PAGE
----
Very dumb do I use a slow cooker?

Discussion in 'Egg, Chicken, & Other Favorite Recipes' started by Ibicella, Nov 18, 2009.

  1. Ibicella

    Ibicella Chillin' With My Peeps

    Nov 13, 2009
    Everett, WA
    I'm too embarrassed to ask anyone I know personally because I'll never hear the end of it! LOL!

    I was very thoughtfully given a really nice slow cooker this evening as a gift by a good friend of mine.

    One of these:

    appreciate her generosity. I've been thinking of getting one forever, because the last thing I want to do after a long day at work is cook. So this is a great gift.

    Except...uhhh...except I've never used a slow cooker before in my life.

    So now I have this alien machine and I'm at a loss at what I can do with it. I can figure out how the machine works and the controls and stuff, that's pretty straight forward.

    But I'm gone 12 hours a day for work. I'm gone just after 6am, and home and ready for dinner at 6pm.

    How do I pick recipes for this? Do I need to stick with really long cooking ones? Can I just pick anything? How do I do this?
  2. PurpleChicken

    PurpleChicken Tolerated.....Mostly

    Apr 6, 2007
    Search for crock pot recipes.

    There are so many. I use mine for soups, chili, pot roasts and more.

    Simple chicken soup:
    Put in a chicken, a couple onions, couple cloves of garlic.
    Fill to almost the top with water
    Cook on high overnight.

    In the morning strain the broth and put back in crock pot.
    Pick off good meat and throw in pot.
    Cut up some carrots and celery and drop in.
    Add salt and pepper and cook on low until you get home at 6.
    Last edited: Nov 18, 2009
  3. ChickensRCool

    ChickensRCool Chillin' With My Peeps

    Nov 8, 2009
    Not a dumb question. Sometimes kitchen appliances like yours come with a few recipes and that would be good start. Also, many cookbooks have slow cooker recipes. And the internet has tons. Good Luck.
  4. LilBizzy

    LilBizzy Chicken Storyteller

    May 20, 2008
  5. wombat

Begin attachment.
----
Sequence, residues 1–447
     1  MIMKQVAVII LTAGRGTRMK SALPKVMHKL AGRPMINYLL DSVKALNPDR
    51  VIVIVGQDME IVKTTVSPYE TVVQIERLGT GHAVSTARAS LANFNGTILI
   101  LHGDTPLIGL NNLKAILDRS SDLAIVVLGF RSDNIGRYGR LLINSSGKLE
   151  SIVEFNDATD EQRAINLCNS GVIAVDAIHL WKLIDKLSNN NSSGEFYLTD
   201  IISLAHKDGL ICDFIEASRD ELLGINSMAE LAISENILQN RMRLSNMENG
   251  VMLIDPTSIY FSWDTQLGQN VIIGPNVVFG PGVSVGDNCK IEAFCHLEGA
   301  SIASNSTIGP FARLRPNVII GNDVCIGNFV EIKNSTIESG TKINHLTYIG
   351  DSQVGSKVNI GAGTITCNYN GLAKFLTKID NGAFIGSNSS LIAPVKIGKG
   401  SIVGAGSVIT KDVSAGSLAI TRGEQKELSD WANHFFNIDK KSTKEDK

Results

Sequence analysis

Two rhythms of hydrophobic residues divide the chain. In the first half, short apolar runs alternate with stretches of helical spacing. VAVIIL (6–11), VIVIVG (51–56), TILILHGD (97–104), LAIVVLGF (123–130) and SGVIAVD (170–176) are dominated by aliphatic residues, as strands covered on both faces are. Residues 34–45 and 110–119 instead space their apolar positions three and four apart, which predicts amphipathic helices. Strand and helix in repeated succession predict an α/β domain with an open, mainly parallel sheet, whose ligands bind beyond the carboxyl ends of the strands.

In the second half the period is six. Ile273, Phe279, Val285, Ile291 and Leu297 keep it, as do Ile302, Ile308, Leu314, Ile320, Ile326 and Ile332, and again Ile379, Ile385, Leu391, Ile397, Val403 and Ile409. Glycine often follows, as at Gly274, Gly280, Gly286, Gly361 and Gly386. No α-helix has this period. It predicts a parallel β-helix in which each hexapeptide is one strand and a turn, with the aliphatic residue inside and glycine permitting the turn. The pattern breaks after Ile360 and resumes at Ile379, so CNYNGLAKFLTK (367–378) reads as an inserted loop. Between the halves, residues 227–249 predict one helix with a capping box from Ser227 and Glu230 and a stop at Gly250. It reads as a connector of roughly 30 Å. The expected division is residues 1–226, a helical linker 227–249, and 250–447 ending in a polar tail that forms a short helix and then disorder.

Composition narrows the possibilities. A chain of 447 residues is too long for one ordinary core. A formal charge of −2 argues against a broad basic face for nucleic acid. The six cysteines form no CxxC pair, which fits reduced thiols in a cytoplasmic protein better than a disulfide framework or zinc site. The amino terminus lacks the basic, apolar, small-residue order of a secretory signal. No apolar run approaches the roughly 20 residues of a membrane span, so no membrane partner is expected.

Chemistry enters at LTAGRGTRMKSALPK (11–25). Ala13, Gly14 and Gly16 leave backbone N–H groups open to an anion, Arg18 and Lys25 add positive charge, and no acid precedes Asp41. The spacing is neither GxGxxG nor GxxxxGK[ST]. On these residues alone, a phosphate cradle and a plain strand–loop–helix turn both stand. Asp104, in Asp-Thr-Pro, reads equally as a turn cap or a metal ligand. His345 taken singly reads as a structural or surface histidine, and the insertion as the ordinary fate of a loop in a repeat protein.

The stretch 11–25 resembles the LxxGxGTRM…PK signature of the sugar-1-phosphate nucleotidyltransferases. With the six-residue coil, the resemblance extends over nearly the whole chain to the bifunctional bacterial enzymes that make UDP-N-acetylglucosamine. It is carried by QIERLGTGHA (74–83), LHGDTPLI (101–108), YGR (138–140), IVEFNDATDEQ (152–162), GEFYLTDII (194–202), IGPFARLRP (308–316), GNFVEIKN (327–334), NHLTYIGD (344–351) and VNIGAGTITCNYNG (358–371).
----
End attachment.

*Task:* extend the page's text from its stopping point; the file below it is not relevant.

wombat Chillin' With My Peeps

    Jun 23, 2009
    If you're gone for 12 hours, use recipes that have a fair amount of liquid in them, like roasts in a water/onion soup mix and such. Things that are merely moist, like a really thick chili might get dry on the edges with that much cooking time.
  6. wombat

    wombat Chillin' With My Peeps

    Jun 23, 2009
    Edit: Deleted a double post.
    Last edited: Nov 18, 2009
  7. BarkerChickens

    BarkerChickens Microbrewing Chickenologist

    Nov 25, 2007
    High Desert, CA
    Crock pots are great! Especially for large, easy meals! A basic,quick method we use at home is add some chicken broth, canned cream of mushroom and/or chicken soup, stew meat, and chopped veggies (onions, carrots, celery, etc), and turn on low. In 8-12 hours, you have stew. We usually add enough liquid to cover the meat, but not all the veggies as it will cook down (or otherwise be too juicy). We generally find that a full crock pot (initially with raw veggies) will need about 1/2 full of liquid. Good luck and happy cooking!!! OH!!! Check out That site has a TON of recipes for crock pot (aka slow cooker) recipes.
  8. Chew593

    Chew593 Chillin' With My Peeps

    I am so jealous! You can cook a whole chicken in that baby and it'll turn itself off when it's done and keep it warm for you till you get home from work. My SIL has one of those and she's always bragging about how cool it is. First thing I'd do is read the directions that came with the pot, then I also recommend I made a slow cooker spicy beef stew the other day that I got off that site and it was soooo yummy! Have fun! You really can't screw up slow cooking too much. :)
  9. Tala

    Tala Flock Mistress

    I put my cooker on the Christmas light timer because I kept burning stuff leaving it on low for 9+ hours while I was at work. SOME cookers have a timer feature built in, but not mine.
  10. wombat

    wombat Chillin' With My Peeps

    Jun 23, 2009
    Beef Rendang is one of my favorites.

    Here's a slow cooker recipe:

    It says 4-6 hours on low and then 2-3 hours on high, but you could probably tweak it a bit and just leave it on low all day long and then transfer to a pot on the stove as soon as you get home to reduce the liquid while you do other things before dinner.

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